It may take an adjustment for them when you bring your carrier home for the first time. It will be new to them and they may balk at the first time you try to put them in their carrier. So letting them adjust slowly to this new space, will help them to become more familiar and less frightened. Adding their favorite blanket and toys helps them to adjust to their pet carrier also. Beginning with short trips at first allows your pet to adjust and relax in their carrier. Making for a peaceful and happy outing.
Pet Carriers come in a wide variety of styles, shapes, and sizes. But choosing the right type carrier for your pet may take a little time and research to find just the right one. Looks and style are nice, but the right size, proper ventilation and comfort for your pet are some of the best things to look for when choosing your carrier. Start out by measuring your pet for height and width. You want to make sure they are able to stand up and turn around easily. Also, are they grown are do they still have some growing to do? Take in mind they may be in their pet carrier for extended periods of time. If you are traveling with them always remember to carry small tote-able break resistant pet bowls for their food and water, as your pet will become thirsty and hungry.
If you plan to fly with your pet you need to know the rules. Most carriers are airline approved, but before traveling on a plane with them you should always check with the airlines you will be flying with for all their rules and regulations on flying with your pet and their requirements on carriers. Some of the small carriers can fit right under the seat. Also, keep in mind you will have to carry your pet and carrier through security.
Pet Carriers do come in different styles and colors. So this enables you with many more choices when deciding on the best carrier for your pets needs. There is no better way to keep your pet safe and secure when traveling than with a pet carrier. And you will arrive at your destination with a happy and safe pet.
Measuring the impact of an equipment bag for on call physiotherapy staff
Purpose: Respiratory physiotherapy on call is provided across a variety of specialist areas at Leicester Royal Infirmary (LRI) and not all wards stock necessary respiratory equipment but can have deteriorating patients requiring on-call input. Not all staff work at the LRI site and or have completed a respiratory rotation there. Staff were reporting difficulty and increased time spent locating equipment which increased stress and anxiety levels both before and during on call shifts, and delaying patient care. The aim was to examine whether a on-call bag stocked with essential respiratory equipment was conducive to improving efficiency and reducing stress levels on and during on call shifts.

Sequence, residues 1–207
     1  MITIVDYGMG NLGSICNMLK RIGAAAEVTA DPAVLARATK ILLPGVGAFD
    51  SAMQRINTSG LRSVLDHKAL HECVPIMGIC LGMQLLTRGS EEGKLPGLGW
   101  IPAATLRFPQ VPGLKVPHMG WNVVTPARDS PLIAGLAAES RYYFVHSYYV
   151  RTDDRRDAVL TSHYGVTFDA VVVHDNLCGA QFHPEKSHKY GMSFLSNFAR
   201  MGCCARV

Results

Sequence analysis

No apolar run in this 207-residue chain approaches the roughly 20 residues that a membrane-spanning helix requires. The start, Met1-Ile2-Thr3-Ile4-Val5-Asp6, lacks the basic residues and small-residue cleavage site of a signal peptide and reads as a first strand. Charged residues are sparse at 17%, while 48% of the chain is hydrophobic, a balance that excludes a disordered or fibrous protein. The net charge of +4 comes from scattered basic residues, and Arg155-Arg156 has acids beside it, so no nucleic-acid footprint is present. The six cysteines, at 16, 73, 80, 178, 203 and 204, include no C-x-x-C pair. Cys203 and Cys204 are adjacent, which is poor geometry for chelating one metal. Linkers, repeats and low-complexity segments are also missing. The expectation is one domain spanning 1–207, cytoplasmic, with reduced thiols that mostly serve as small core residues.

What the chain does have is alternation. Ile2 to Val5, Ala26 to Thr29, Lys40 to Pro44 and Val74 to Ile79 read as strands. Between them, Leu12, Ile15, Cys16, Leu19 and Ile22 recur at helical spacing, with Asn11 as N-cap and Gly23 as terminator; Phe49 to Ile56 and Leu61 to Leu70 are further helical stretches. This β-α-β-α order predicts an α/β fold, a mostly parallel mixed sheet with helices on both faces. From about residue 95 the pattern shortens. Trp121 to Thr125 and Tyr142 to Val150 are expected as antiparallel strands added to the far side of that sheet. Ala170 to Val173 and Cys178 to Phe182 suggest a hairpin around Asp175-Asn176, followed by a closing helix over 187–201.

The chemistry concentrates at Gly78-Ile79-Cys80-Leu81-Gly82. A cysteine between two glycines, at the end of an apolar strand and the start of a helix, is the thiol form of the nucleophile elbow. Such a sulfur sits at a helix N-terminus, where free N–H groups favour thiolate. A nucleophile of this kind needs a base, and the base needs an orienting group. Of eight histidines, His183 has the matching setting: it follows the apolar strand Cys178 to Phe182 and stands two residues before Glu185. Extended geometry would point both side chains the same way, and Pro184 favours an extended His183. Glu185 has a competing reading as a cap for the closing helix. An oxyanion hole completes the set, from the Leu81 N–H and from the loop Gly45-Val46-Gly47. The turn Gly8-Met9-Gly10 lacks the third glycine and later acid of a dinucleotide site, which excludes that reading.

Methods: An equipment bag created at two sites (LRI and Glenfield) which are staffed by different rotas with the bags stocked identically in the event of cross site cover. The contents of the bag were decided by two senior physiotherapists, and guided by informal feedback from the adult and paediatric respiratory teams. It was launched in August 2019 at LRI site and it's use was encouraged to all staff on-call. Survey monkey questionnaire was sent out to all on call staff at LRI 3 months later to collect data and feedback regarding its use.
Results: 14 responses collected in total from LRI site. 8/14 had used the equipment bag and 8/14 reported it had all the equipment necessary for on call work. All 14 responses reported the bag was beneficial. 9/14 reported it had ’improved efficiency’ and 3/14 reported it ’reduced anxiety about being on call’. Those who had not used the bag stated this was due to ’not needed to’.
Conclusion(s): Everybody who responded to the survey felt the bag was beneficial. Based on the feedback, we can conclude that everybody who used the on call bag felt it had everything they needed for their on call treatment. It could be assumed that those who did not feel the need to use the on call bag were more familiar with the site. Majority felt it improved efficiency which was one of the primary aims. Only 3/14 felt it had reduced anxiety however. Only 14 responses were collected after a relatively short period of usage therefore future work could collect feedback from a larger sample size. It may be also beneficial to compare average time spent on call pre and post implementation.
Impact: Overall, implementation of an equipment bag was positively received by staff across LRI hospital site and it's use was continued after the initial 3 months as a result of this. It is relatively cheap to buy and easy to maintain. It could be implemented across other NHS trusts to improve efficiency on call and reduce stress levels, particularly amongst new band 5 physiotherapists - although more data would need to be collected to concretely prove this hypothesis.
- Creado: 09-03-22
- Última sesión: 09-03-22